25 September, 2015

421 words for snow

I read a very interesting article the other day about  the compilation of the first Historical Thesaurus of Scots. Academics putting together the tome have discovered that there are 421 Scottish words for snow, in all its multiplicity of forms. For example, 'blin-drift' means drifting snow, while 'flindrikin' means a slight snow shower. This puts the Inuit total of only 50 worlds for snow well and truly in the shade.

In addition to weather, the thesaurus will cover sport. It turns out that there are 369 different Scottish words associated with the playing of marbles, a game that has been extremely popular with Scottish children for generations.

Despite having lived in Scotland for a number of years, I am not familiar with any of the words connected with snow or marbles that were quoted in the article. I guess this is because I am not a native Scot and because neither snow nor marbles featured high on my agenda during my time living in the country.

But this got me thinking about how easy it would be to invent words that don't exist and, if enough people were prepared to take part in the mass deception, convince others (non-natives) that these words were legitimate and had been around forever. If you did that, I imagine that people might actually start using those made-up words and, voilĂ , they would enter the language for real.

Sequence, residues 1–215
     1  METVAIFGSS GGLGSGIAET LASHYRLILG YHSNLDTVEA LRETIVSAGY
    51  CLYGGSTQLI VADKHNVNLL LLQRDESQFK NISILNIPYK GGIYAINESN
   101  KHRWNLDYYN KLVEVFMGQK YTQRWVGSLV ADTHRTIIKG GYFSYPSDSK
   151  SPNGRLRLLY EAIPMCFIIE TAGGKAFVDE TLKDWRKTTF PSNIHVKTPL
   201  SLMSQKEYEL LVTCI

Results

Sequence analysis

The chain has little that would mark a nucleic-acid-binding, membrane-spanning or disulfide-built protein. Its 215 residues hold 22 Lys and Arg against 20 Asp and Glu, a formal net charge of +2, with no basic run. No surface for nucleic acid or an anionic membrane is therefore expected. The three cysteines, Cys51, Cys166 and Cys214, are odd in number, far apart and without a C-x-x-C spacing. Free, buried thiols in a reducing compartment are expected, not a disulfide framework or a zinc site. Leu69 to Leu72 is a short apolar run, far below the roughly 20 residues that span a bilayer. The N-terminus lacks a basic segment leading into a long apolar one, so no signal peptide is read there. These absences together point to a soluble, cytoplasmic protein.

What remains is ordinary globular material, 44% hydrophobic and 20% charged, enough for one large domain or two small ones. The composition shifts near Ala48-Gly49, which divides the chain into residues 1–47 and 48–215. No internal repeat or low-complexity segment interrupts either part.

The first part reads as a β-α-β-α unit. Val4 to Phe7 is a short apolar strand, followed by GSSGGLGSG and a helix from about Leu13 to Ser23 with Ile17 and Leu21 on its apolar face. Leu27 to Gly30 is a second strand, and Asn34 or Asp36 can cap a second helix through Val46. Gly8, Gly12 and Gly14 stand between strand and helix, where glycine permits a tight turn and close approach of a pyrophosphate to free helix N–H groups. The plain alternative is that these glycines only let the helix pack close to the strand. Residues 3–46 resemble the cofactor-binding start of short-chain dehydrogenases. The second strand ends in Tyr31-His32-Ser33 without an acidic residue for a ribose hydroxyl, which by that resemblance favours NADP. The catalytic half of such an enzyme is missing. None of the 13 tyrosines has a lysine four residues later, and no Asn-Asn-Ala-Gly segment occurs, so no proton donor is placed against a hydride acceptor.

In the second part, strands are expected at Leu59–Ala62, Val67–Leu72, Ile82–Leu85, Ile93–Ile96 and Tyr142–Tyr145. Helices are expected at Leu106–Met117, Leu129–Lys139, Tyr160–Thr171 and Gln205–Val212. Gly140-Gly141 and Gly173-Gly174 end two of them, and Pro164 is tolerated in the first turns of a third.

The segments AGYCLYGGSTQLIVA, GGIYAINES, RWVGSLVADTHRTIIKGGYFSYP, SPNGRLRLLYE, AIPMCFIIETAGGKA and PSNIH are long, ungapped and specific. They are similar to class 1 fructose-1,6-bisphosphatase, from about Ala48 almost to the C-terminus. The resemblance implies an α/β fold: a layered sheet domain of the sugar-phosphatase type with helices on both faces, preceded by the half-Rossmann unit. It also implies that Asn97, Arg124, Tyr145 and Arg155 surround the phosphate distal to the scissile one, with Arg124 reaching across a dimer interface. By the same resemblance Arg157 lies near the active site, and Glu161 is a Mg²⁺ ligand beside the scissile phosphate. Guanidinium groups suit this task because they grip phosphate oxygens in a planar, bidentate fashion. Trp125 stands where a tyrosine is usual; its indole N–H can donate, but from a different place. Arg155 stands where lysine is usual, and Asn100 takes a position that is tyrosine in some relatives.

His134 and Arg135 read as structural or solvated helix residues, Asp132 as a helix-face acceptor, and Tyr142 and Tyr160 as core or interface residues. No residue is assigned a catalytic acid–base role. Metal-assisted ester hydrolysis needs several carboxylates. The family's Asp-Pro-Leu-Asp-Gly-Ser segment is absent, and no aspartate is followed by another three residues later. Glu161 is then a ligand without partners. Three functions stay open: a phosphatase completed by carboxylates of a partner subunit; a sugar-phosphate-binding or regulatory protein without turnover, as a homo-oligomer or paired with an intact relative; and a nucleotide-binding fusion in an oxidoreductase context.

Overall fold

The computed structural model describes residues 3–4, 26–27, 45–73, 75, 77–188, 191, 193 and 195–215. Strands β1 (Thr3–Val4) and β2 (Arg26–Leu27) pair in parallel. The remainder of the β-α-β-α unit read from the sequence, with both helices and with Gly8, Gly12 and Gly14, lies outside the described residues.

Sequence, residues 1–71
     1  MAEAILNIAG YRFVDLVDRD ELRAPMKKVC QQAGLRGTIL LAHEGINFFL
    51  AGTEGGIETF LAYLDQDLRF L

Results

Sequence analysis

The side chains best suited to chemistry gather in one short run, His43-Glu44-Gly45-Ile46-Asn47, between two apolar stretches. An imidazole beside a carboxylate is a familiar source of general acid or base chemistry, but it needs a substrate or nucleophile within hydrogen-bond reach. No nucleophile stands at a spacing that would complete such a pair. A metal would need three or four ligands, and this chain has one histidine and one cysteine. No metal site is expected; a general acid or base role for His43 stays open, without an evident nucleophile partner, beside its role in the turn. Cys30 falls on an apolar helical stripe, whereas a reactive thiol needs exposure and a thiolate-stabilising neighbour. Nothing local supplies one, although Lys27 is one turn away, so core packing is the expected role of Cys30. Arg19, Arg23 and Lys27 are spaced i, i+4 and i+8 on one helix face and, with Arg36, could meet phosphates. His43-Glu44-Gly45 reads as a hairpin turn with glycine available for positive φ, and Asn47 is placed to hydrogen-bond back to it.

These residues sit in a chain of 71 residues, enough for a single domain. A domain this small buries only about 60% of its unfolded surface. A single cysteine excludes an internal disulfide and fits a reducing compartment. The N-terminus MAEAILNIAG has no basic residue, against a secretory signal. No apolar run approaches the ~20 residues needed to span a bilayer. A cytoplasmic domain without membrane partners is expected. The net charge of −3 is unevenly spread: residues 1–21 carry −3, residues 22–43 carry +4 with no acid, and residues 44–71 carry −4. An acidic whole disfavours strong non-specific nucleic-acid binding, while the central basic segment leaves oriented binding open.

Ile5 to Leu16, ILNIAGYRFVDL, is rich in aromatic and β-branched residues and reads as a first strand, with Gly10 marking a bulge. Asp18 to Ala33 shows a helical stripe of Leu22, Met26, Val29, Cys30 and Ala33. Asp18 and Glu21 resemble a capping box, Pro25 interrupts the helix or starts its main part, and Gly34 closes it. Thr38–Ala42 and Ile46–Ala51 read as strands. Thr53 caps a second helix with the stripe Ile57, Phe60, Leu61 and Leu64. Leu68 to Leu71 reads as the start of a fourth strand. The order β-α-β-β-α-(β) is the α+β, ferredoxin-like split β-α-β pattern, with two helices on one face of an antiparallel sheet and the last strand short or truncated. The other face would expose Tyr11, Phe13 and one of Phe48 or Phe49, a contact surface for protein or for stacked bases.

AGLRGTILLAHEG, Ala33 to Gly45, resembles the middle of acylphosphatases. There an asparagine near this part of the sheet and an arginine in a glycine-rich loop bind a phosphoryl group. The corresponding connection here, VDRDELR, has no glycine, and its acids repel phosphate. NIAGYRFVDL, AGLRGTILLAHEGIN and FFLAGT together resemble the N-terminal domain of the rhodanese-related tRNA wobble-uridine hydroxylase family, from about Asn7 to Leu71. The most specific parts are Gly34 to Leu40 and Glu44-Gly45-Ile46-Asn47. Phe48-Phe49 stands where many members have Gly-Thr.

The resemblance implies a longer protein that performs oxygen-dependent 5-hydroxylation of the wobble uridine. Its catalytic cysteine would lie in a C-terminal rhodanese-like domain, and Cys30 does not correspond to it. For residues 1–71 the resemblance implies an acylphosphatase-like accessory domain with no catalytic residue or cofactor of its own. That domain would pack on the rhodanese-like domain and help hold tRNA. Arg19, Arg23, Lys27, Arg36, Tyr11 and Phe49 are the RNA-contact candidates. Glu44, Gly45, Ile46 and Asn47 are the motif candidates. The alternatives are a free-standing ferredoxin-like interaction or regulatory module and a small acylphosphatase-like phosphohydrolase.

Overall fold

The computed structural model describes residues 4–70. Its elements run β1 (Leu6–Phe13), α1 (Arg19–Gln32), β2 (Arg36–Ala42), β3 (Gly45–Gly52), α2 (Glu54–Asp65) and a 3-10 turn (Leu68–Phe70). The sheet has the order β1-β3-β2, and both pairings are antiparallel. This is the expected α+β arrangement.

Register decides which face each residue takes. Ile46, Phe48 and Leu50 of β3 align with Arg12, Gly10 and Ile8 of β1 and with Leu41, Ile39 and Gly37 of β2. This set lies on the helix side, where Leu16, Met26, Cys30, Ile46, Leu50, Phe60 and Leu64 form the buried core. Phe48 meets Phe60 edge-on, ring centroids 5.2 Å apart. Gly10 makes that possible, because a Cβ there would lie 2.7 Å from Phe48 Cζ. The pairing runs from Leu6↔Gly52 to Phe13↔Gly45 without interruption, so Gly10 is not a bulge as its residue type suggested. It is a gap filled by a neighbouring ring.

And that is exactly how vocabulary does--or can--develop. Not the mass deception bit, of course, but someone starting to use a new word or an old word in a new way, others following suit and, before you know it, that word becoming ubiquitous.

An interesting article, as I said...

12 September, 2015

Big school beckons

I can't quite believe it -- my youngest child started secondary school this week. Yet it seems like only yesterday that she was a tiny tot starting primary school.

And my oldest child is already starting on GCSE work!

Where does the time go?

04 September, 2015

Pride and Prejudice

We went to see "Pride and Prejudice" by the Pantaloons last weekend. This was an open air theatre production in the grounds of Waddesdon Manor, and it was fabulous!

The Pantaloons is a small touring theatre company which puts on a variety of plays during the course of the year. They aim to "recapture an aspect of Shakespeare's drama which the modern naturalistic theatre has lost: the riotous energy of the clown". What this means in practice is that they bring a huge amount of fun and invention to their productions. The actors clearly love their jobs and enjoy working together.They specialise in really funny and clever ad libbing, and they constantly interact with their audience.

During the performance that we saw, the actors managed to weave into the script comments about a hot air balloon that just happened to be floating past, and about the fact that the after-dark illumination of Waddesdon Manor made it look a bit like Batman's layer! They also wandered through the audience (who were picnicking on the grass), stealing bits of food and glasses of wine -- again, all at pertinent points in the plot.

We enjoyed the show so much, that we are about to book tickets for the Pantaloons' autumn production of Macbeth. I'll be very interested to see how they make that play amusing -- but I'm absolutely sure they'll manage it with great finesse!